What is a micro essay?
If it isn't obvious from the name, a micro essay is essentially a short essay. Despite its brevity, a micro essay possesses all the same components of a regular essay. It has an introduction, an organized body of content and a conclusion. As a format, micro essays lend themselves nicely to memoir or creative nonfiction writing. They are well suited to the exploration of a moment or memory; teasing out emotional complexity or offering perspective on the small, seemingly unimportant moments of life that end up shaping our identity. Micro essays are comparable to poems in that they are designed to stand alone. While they might contribute to a larger body of work, they are not like chapters that continue a narrative.
How long should a micro essay be?
The maximum length of a micro essay isn't something written in stone that everyone unanimously agrees on. That said, most are no longer than one page (around 800 words or less).
Why write micro essays?
Most people approach writing their memoir or life story by compiling the most important events in their life and telling those stories. Telling readers what it was like to be the youngest of 8 children, how you got your life-long career, or what happened when you met the President, are fun, neat anecdotes. This way of writing works and it can go on to be treasured by friends and family. What a micro essay does is show the story, rather than tell it. In micro essays, the writer discovers or reveals something about themselves. They also help:
- Liberate the writer from the pressure of producing some great, lengthy, detailed epoch
- Make editing easier because it recognizing description and filler that doesn't serve the narrative is more obvious when you have to cap the length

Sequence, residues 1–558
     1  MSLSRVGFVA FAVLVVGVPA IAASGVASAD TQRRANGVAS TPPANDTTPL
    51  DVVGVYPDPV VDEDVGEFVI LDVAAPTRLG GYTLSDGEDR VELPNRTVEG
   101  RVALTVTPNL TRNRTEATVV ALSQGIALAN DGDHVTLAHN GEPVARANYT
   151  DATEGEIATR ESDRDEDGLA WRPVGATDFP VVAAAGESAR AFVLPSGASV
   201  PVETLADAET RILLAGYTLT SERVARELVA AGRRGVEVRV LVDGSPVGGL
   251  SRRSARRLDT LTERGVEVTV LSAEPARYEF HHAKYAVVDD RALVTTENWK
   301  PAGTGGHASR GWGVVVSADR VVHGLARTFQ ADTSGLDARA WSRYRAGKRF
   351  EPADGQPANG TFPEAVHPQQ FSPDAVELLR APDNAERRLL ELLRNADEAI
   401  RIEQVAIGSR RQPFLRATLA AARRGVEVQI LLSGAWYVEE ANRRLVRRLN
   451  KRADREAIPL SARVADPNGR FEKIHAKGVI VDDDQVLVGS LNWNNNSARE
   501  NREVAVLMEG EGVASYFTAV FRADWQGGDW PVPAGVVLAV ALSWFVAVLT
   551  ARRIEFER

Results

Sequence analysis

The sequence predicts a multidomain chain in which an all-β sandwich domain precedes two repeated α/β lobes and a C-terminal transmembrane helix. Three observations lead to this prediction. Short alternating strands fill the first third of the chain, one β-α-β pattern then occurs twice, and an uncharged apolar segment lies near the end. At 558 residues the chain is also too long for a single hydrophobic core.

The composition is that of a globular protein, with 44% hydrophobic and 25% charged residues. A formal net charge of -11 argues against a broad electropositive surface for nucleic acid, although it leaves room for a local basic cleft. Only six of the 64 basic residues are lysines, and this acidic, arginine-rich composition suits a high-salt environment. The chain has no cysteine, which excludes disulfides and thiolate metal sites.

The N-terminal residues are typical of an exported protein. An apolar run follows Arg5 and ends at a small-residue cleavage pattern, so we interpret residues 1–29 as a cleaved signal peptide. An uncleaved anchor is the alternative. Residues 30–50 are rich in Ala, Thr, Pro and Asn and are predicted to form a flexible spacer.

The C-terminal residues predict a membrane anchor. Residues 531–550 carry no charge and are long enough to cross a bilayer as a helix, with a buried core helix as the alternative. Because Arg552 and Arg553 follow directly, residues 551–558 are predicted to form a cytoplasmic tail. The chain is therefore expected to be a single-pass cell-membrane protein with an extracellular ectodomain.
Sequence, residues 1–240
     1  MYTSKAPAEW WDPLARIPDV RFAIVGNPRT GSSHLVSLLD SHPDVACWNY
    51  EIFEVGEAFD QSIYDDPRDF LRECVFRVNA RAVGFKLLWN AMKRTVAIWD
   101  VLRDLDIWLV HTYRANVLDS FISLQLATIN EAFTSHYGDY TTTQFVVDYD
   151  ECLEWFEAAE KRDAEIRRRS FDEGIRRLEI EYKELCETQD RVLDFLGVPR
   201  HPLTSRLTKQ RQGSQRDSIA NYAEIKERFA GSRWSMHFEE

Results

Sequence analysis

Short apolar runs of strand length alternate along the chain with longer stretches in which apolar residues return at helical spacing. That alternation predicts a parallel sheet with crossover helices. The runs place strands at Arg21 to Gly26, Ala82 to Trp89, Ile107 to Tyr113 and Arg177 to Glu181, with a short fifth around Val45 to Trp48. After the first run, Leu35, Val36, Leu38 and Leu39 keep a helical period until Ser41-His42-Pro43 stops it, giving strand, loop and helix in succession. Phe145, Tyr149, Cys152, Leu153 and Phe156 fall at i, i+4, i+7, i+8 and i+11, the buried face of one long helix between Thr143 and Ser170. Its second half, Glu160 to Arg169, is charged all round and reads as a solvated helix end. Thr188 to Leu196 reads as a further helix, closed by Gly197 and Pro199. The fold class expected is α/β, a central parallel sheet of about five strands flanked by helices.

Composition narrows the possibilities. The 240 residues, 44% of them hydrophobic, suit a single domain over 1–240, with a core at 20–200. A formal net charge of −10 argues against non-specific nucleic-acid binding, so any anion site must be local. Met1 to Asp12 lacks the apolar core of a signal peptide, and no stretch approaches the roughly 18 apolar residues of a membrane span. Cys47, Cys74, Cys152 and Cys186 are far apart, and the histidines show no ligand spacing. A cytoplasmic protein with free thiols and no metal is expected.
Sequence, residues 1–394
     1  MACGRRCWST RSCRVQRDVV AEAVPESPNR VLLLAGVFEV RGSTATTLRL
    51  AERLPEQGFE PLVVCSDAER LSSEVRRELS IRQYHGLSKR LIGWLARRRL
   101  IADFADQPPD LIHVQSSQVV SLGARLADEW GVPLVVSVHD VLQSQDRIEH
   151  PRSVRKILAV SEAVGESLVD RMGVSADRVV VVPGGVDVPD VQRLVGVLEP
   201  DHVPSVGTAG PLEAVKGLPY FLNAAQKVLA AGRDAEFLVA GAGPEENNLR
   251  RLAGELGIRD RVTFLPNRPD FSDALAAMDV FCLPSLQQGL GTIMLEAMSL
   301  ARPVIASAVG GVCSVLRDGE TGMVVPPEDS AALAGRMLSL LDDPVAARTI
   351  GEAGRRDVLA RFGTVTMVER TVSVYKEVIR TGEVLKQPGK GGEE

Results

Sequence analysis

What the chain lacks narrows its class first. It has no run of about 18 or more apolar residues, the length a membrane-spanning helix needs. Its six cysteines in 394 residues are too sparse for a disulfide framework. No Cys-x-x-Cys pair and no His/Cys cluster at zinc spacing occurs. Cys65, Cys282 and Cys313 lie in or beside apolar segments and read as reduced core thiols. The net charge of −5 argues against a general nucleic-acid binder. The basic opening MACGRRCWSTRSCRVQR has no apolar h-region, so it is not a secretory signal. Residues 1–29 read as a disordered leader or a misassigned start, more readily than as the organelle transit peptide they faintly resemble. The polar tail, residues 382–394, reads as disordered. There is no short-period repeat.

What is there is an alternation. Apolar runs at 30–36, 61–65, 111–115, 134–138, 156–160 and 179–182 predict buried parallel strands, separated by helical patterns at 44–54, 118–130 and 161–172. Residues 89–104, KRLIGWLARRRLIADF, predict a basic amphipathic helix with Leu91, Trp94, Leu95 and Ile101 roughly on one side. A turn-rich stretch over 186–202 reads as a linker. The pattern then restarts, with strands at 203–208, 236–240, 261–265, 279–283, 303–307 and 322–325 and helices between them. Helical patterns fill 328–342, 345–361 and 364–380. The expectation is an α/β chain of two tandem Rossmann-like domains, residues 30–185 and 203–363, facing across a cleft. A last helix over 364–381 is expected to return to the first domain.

- Give meaningful insight into who someone is and their inner workings, not just what they did
- Provide space for particular ideas, voices, or events that would be too tiresome or too heavy in a longer piece
Tips for starting a micro essay
Coming up with material for a micro essay involves a great deal of self-reflection and the ability to stay in the moment. It may help to ponder these questions:
What are the moments that have made you who you are?
What memory have you retained without understanding why?
What details from that memory stick out for seemingly no apparent reason?
What emotions surface when you reflect on that moment?
Another exercise that may be helpful is to go through your day keeping a notepad nearby. When you catch yourself noticing, jot down what you noticed. For example, maybe you’re out to lunch with a friend and he asks you a question that elicits a stronger emotional reaction from you than you’d anticipated. Make note of that. Or perhaps the way your daughter’s hair curls in ringlets from the humidity reminds you of the way your mother looked on the sticky, summer night that she died. Start compiling these things you notice. Later, sit with them and ask yourself why this detail or this moment stuck out to you. Before you know it, you will have lots of little seeds that could potentially grow into micro-essays.
Finally, try to make it a regular practice, almost like journalling. If you make it a habit, you will truly capture the essence of your wonderfully unique life and the way you perceived the small, significant moments that brought meaning to it.
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